Mental health conditions are common and can have serious consequences for both affected individuals and society. Current clinical guidance encourages mental healthcare practitioners to involve patients in treatment decisions. This is advocated on the basis that people have a right to self-determination and also in the expectation that it will increase treatment adherence.
We conducted thorough searches for randomised controlled trials (RCTs), quasi-randomised controlled trials (q-RCTs), controlled before-and-after studies (CBAs); and interrupted time series (ITS) studies of interventions to increase shared decision making in people with mental health conditions. We found two studies that met the inclusion criteria. Both studies were of good quality and made attempts to reduce potential sources of bias.
We examined whether interventions to increase shared decision making affected patient satisfaction with treatment or care, led to better health outcomes or to patients being less likely to be readmitted to hospital. One of the studies indicated that the intervention increased patient satisfaction in the short term. One study indicated that doctor facilitation of consumer involvement in decision making was increased by the intervention, but no effects were found on the clinical or health service outcomes in either study. Neither study reported that shared decision making for people with mental health conditions is harmful. However, no firm conclusions can be drawn from these two studies on any of the outcomes measured and further research is needed.
No firm conclusions can be drawn at present about the effects of shared decision making interventions for people with mental health conditions. There is no evidence of harm, but there is an urgent need for further research in this area.
One person in every four will suffer from a diagnosable mental health condition during their life course. Such conditions can have a devastating impact on the lives of the individual, their family and society. Increasingly partnership models of mental health care have been advocated and enshrined in international healthcare policy. Shared decision making is one such partnership approach. Shared decision making is a form of patient-provider communication where both parties are acknowledged to bring expertise to the process and work in partnership to make a decision. This is advocated on the basis that patients have a right to self-determination and also in the expectation that it will increase treatment adherence.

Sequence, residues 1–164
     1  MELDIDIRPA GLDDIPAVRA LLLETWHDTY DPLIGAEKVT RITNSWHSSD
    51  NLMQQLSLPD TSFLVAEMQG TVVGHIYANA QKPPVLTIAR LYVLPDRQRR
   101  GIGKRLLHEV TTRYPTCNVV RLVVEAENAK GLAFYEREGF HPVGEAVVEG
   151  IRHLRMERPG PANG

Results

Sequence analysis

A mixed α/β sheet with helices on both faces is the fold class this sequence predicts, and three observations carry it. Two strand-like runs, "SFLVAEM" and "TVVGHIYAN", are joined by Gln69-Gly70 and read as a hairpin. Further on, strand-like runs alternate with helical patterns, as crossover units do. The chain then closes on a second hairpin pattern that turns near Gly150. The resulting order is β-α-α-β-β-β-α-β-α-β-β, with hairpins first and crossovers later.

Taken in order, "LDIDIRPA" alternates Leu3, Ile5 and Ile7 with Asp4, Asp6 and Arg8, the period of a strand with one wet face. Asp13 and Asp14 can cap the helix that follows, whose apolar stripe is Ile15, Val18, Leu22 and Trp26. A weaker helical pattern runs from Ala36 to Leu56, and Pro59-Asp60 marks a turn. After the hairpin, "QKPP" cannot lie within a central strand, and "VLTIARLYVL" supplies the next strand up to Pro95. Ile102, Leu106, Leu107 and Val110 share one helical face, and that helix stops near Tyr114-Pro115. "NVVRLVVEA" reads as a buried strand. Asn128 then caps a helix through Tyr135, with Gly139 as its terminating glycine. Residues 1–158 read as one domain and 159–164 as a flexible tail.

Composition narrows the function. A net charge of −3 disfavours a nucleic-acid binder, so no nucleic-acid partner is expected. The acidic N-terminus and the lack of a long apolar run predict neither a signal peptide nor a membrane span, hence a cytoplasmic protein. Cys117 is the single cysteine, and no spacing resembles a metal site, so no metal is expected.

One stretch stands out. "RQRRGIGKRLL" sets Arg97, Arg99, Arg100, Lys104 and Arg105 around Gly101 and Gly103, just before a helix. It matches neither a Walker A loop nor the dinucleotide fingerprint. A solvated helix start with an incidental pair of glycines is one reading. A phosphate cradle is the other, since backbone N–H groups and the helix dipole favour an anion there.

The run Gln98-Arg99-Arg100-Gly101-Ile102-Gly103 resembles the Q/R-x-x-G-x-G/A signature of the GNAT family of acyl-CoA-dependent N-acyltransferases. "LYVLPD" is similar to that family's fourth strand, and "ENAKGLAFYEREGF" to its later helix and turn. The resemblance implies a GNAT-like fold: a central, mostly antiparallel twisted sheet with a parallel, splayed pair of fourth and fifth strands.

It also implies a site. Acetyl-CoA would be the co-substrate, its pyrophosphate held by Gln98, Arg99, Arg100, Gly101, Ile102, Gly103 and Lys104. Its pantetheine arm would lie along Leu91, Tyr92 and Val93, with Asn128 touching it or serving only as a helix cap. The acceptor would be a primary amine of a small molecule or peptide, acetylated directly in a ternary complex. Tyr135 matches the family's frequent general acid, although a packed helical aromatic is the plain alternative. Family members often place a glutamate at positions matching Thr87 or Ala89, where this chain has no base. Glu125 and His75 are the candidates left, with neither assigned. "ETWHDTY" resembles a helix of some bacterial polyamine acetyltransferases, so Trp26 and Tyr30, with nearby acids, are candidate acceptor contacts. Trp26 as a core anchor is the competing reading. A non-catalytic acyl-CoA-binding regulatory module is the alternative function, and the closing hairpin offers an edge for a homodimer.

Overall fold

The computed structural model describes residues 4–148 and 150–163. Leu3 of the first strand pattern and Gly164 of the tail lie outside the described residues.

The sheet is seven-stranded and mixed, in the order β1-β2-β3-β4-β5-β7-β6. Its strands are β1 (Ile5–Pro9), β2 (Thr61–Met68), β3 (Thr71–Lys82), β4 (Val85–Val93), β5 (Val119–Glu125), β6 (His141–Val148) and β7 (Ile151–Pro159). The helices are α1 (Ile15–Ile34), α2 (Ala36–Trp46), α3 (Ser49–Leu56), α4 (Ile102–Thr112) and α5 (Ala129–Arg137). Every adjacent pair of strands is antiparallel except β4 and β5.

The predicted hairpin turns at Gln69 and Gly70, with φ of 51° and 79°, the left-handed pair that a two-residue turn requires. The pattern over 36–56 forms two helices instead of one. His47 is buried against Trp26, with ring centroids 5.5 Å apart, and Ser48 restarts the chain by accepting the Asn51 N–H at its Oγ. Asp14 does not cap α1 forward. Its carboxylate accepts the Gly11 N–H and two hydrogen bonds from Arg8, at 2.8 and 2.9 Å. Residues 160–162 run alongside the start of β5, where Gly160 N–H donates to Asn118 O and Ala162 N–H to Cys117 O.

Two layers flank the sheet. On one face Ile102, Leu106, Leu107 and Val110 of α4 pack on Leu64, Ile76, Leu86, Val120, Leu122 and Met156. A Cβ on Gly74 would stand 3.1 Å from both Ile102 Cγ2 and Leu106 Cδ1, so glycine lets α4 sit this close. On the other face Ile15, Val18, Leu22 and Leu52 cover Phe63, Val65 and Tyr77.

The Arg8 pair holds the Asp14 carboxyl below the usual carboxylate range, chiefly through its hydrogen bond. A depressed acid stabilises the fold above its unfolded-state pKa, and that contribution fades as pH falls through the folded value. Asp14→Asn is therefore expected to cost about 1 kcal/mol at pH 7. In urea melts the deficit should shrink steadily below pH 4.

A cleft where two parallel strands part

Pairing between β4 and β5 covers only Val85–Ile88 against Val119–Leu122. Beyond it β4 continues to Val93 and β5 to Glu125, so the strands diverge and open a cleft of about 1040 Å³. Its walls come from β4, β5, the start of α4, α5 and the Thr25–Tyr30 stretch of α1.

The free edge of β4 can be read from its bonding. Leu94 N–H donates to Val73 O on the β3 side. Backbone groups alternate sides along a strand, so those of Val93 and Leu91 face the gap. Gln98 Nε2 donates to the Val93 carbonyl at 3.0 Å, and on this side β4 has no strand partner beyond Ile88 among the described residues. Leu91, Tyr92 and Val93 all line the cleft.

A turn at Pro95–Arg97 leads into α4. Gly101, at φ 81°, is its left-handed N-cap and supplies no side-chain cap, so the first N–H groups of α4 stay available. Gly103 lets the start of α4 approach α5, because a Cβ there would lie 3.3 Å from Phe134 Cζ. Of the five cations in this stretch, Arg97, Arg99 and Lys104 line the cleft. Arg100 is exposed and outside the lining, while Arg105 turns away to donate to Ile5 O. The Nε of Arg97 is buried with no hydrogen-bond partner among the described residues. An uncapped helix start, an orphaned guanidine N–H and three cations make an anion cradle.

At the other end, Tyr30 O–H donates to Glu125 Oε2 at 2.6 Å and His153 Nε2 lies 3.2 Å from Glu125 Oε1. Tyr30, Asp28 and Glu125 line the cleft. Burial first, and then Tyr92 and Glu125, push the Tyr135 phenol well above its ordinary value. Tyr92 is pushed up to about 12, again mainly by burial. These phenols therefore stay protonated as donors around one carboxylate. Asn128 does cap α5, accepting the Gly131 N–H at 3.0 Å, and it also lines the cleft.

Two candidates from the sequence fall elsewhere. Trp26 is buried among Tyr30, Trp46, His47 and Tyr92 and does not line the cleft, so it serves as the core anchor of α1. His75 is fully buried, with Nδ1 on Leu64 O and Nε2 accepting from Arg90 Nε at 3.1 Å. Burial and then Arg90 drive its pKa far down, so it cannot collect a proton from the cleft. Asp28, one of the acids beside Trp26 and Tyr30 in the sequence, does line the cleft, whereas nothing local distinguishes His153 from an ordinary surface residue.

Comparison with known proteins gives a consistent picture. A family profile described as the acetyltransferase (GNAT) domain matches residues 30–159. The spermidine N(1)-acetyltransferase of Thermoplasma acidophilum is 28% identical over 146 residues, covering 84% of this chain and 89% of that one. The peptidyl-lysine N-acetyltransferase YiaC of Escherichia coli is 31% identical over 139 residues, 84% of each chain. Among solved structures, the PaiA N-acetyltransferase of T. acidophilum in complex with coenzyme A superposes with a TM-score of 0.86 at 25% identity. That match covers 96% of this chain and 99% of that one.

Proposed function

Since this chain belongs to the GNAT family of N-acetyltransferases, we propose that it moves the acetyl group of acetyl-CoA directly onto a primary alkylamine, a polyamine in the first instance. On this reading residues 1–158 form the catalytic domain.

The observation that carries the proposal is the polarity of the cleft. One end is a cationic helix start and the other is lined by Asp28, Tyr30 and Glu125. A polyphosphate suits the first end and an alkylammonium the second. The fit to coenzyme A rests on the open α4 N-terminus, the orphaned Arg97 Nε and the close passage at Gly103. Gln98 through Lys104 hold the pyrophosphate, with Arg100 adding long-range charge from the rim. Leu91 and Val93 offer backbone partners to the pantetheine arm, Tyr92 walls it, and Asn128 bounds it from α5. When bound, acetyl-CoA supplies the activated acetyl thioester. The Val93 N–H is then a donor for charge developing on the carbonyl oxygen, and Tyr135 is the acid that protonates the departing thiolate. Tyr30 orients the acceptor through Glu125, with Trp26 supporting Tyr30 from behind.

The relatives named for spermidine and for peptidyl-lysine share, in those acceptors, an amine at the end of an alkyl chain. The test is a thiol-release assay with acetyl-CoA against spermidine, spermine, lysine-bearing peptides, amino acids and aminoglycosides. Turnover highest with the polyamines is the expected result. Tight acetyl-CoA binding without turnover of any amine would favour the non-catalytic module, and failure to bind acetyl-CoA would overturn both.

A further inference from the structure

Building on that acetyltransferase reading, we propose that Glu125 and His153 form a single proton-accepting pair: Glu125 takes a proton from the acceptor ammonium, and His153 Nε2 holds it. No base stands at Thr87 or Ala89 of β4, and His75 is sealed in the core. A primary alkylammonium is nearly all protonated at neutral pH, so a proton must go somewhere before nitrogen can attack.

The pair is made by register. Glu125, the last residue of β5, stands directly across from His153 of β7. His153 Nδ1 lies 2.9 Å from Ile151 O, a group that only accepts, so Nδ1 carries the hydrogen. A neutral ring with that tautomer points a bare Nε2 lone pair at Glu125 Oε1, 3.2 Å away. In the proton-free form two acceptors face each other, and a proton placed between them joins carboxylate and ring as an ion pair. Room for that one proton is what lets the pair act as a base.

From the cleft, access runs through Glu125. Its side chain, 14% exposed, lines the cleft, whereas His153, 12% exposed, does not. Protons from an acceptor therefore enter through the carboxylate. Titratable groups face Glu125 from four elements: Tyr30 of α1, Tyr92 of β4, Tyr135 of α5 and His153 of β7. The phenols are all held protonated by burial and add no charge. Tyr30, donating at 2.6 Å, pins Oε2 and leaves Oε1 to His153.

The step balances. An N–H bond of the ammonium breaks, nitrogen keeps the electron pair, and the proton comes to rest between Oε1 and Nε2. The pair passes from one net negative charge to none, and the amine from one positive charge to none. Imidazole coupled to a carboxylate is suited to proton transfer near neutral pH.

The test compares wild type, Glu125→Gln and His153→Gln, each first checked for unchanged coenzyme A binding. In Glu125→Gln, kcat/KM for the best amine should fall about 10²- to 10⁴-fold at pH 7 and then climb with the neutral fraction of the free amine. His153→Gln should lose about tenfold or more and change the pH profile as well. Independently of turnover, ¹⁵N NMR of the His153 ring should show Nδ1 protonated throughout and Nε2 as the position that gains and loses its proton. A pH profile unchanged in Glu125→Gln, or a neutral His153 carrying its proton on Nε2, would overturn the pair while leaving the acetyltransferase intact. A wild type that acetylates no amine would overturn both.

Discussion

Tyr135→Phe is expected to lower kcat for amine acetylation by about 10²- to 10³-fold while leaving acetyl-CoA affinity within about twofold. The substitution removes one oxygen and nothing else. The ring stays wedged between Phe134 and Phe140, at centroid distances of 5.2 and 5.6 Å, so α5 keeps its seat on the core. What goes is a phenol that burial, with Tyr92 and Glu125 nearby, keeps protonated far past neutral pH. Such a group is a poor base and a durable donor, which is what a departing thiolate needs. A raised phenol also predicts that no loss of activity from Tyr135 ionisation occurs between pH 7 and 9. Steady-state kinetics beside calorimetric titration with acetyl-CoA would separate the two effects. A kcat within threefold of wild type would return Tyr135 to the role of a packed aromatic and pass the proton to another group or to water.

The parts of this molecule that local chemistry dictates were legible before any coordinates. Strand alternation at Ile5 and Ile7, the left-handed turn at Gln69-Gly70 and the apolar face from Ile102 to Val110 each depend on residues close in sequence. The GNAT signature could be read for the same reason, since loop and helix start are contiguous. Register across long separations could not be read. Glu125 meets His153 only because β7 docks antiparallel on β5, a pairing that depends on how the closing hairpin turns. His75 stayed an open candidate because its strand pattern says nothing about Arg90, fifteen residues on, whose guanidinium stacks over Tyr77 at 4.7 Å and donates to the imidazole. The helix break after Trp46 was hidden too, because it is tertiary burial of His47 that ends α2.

To assess the effects of provider-, consumer- or carer-directed shared decision making interventions for people of all ages with mental health conditions, on a range of outcomes including: patient satisfaction, clinical outcomes, and health service outcomes.
We searched: the Cochrane Central Register of Controlled Trials (CENTRAL, The Cochrane Library 2008, Issue 4), MEDLINE (1950 to November 2008), EMBASE (1980 to November 2008), PsycINFO (1967 to November 2008), CINAHL (1982 to November 2008), British Nursing Index and Archive (1985 to November 2008) and SIGLE (1890 to September 2005 (database end date)). We also searched online trial registers and the bibliographies of relevant papers, and contacted authors of included studies.
Randomised controlled trials (RCTs), quasi-randomised controlled trials (q-RCTs), controlled before-and-after studies (CBAs); and interrupted time series (ITS) studies of interventions to increase shared decision making in people with mental health conditions (by DSM or ICD-10 criteria).
Data on recruitment methods, eligibility criteria, sample characteristics, interventions, outcome measures, participant flow and outcome data from each study were extracted by one author and checked by another. Data are presented in a narrative synthesis.
We included two separate German studies involving a total of 518 participants. One study was undertaken in the inpatient treatment of schizophrenia and the other in the treatment of people newly diagnosed with depression in primary care. Regarding the primary outcomes, one study reported statistically significant increases in patient satisfaction, the other study did not. There was no evidence of effect on clinical outcomes or hospital readmission rates in either study. Regarding secondary outcomes, there was an indication that interventions to increase shared decision making increased doctor facilitation of patient involvement in decision making, and did not increase consultation times. Nor did the interventions increase patient compliance with treatment plans. Neither study reported any harms of the intervention. Definite conclusions cannot be drawn, however, on the basis of these two studies.